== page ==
Q. We do a lot of plating in barrels and continually battle the problem of nesting of the parts. What are some of the methods recommended for reducing or hopefully eliminating this problem?
A. This problem has been kicking around since the advent of barrel plating. I wish there was a cure-all for it, but in lieu of that, here are some of the classic solutions that partially solve the problem.
Reduce the rotation speed of the barrel and the barrel loads. These two factors tend to interact with each other. I don’t have a formula to determine the best rotation speed and barrel loads, so some experimentation on your part is required.
Different shaped parts can be mixed together in the barrel. This is an effective approach, but leads to one major drawback: You have to separate the parts when the finishing process is completed. If it’s a once in a while situation, you may need to do that by hand, but larger volumes of parts will require some type of screening procedure for separation. A clever variation of this approach is to mix inert materials with your load of parts. For example, copper plated balls are mixed with the parts that you are plating in the barrel. The problem with this procedure is obtaining the inert parts. At one time there were a number of vendors who sold these, but I am not aware of any that sell these parts today.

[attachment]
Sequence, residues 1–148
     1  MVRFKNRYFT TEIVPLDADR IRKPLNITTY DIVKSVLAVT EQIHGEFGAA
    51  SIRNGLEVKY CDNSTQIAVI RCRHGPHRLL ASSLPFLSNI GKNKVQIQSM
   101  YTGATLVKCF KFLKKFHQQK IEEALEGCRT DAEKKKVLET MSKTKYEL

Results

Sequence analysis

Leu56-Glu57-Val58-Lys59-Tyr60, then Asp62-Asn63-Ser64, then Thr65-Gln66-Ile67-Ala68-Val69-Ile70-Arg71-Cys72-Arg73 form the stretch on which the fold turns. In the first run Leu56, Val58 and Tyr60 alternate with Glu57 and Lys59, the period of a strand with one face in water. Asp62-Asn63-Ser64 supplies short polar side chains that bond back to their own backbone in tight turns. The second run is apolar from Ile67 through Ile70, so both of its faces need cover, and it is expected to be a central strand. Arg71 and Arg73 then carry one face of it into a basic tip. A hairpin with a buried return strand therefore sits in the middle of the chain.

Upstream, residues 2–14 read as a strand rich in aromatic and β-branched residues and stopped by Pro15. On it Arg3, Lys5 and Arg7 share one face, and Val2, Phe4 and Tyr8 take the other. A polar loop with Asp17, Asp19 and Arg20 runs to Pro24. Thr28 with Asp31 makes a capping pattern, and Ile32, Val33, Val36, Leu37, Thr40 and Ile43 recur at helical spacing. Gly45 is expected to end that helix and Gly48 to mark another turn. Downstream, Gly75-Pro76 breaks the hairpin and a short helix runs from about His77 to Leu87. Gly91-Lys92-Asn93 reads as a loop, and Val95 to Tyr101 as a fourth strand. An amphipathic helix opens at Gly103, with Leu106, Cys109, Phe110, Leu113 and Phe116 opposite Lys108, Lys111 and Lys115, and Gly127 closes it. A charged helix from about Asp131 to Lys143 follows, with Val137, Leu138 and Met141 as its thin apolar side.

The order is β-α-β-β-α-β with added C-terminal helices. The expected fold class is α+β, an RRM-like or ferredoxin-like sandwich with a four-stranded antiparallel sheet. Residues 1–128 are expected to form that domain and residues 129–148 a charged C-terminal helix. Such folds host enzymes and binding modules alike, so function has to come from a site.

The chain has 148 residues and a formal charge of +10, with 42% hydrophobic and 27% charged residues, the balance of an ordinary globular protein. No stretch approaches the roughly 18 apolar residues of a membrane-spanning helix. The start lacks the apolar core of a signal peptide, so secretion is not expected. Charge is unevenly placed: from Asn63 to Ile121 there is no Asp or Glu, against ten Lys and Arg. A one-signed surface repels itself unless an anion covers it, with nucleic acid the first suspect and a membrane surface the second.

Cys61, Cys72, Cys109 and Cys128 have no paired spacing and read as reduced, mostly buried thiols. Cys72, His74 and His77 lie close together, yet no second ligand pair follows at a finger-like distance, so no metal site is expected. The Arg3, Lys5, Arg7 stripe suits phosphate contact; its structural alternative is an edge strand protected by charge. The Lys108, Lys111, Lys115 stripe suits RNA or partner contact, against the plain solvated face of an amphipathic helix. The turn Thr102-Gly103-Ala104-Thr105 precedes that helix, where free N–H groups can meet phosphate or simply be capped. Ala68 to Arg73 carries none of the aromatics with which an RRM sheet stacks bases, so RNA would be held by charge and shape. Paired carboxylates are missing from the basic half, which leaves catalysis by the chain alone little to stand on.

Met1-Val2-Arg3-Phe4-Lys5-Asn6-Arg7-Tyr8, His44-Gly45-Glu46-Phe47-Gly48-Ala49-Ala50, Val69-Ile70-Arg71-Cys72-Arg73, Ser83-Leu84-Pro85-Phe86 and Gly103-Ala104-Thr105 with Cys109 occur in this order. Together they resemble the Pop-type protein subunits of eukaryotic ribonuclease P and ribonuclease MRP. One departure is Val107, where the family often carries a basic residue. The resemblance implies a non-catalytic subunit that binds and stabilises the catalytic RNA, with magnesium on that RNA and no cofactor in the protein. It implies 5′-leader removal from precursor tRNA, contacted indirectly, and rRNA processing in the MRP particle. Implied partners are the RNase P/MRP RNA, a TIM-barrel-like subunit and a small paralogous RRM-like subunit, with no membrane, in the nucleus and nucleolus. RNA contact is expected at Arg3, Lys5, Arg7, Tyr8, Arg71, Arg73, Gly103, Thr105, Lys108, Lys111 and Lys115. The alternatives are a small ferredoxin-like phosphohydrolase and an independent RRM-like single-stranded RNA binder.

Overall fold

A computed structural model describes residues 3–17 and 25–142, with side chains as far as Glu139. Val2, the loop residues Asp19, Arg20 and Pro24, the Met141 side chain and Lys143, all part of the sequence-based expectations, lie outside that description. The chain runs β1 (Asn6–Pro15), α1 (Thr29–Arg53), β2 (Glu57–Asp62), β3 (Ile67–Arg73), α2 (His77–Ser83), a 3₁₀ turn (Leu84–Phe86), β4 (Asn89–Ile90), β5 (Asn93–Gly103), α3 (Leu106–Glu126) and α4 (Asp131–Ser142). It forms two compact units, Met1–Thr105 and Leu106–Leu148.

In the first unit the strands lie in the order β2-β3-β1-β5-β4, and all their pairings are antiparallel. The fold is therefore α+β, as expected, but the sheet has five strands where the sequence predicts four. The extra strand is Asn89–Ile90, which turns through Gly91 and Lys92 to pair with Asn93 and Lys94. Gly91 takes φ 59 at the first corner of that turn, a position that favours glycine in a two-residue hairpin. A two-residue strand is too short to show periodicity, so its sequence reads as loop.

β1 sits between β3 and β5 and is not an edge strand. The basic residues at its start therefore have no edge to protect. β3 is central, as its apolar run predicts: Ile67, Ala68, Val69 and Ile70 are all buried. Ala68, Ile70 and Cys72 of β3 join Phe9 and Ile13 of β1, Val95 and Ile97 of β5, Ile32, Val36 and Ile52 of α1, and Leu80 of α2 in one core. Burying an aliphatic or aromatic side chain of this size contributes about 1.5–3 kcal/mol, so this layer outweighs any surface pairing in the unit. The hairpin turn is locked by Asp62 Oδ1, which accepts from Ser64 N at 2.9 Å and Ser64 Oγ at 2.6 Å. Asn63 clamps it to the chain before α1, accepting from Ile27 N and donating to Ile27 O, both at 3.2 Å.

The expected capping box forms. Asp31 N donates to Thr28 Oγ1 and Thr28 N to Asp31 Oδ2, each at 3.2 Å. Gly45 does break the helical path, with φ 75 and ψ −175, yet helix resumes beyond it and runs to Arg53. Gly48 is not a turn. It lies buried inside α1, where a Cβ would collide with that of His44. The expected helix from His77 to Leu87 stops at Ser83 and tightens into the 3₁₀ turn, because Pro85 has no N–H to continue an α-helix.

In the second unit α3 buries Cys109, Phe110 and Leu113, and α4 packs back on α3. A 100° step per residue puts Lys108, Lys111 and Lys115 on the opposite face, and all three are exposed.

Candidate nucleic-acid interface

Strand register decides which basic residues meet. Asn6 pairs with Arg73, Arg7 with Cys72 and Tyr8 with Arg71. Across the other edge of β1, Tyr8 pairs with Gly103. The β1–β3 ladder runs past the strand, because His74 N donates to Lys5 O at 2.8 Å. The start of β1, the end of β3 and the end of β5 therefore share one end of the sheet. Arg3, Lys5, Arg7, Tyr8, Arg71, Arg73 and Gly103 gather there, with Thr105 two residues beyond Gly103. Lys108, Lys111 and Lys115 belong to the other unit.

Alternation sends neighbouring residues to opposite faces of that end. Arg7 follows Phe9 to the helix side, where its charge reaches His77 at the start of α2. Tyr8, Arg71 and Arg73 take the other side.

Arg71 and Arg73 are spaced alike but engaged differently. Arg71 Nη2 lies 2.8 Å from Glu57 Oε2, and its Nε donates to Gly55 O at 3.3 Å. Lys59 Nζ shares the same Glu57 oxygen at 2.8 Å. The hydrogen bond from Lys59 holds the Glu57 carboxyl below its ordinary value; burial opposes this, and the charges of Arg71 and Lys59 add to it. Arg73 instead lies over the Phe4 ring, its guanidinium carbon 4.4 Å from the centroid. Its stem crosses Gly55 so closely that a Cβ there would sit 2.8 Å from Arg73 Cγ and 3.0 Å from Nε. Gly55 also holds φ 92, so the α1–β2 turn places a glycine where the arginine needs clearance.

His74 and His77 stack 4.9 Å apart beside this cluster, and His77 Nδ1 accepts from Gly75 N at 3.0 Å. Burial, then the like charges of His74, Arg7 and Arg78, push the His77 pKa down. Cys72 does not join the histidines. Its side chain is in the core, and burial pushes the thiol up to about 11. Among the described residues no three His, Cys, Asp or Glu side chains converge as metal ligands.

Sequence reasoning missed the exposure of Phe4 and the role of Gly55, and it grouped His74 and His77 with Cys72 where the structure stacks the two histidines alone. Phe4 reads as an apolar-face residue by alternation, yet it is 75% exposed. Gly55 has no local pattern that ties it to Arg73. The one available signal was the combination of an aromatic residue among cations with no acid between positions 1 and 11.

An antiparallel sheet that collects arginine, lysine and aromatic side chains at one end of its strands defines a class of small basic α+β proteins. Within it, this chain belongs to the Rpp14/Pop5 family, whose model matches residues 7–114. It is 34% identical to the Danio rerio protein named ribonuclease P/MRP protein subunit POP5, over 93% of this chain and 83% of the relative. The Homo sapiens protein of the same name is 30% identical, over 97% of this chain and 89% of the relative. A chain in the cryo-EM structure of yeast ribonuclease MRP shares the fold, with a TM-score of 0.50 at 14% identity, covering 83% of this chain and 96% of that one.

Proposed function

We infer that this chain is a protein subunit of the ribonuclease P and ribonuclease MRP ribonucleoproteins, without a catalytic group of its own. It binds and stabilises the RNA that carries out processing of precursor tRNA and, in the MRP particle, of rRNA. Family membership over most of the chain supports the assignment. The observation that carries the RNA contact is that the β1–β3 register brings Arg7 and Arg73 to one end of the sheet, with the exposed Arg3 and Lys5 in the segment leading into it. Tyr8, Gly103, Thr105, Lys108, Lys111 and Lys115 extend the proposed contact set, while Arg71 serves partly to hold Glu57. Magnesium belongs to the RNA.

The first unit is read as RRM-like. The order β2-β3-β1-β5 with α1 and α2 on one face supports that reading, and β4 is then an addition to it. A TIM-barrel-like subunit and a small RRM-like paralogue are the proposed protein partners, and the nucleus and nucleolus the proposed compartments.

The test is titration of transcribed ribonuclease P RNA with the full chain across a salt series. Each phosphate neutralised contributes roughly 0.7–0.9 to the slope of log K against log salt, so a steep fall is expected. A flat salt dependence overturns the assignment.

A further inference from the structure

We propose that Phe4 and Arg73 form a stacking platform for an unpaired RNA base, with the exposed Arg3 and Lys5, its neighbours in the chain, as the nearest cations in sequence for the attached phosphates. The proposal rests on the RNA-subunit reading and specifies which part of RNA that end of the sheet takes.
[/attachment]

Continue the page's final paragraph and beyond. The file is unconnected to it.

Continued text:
The third approach is to change the shape of the parts by adding a dimple or something that will make it more difficult for the parts to nest. The problem you have here is that the customer doesn’t want to invest the time or money to do the redesign. Many of the engineers who are involved in designing of parts have minimal understanding of the requirements of the plating process. Hence, parts that nest.
As an alternative to classic barrel plating of small parts, you should investigate vibratory plating. It has a number of advantages, but requires the purchase of new equipment. You can find more information on this type of plating by searching the Internet.
Originally published in the November 2015 issue.blog comments powered by Disqus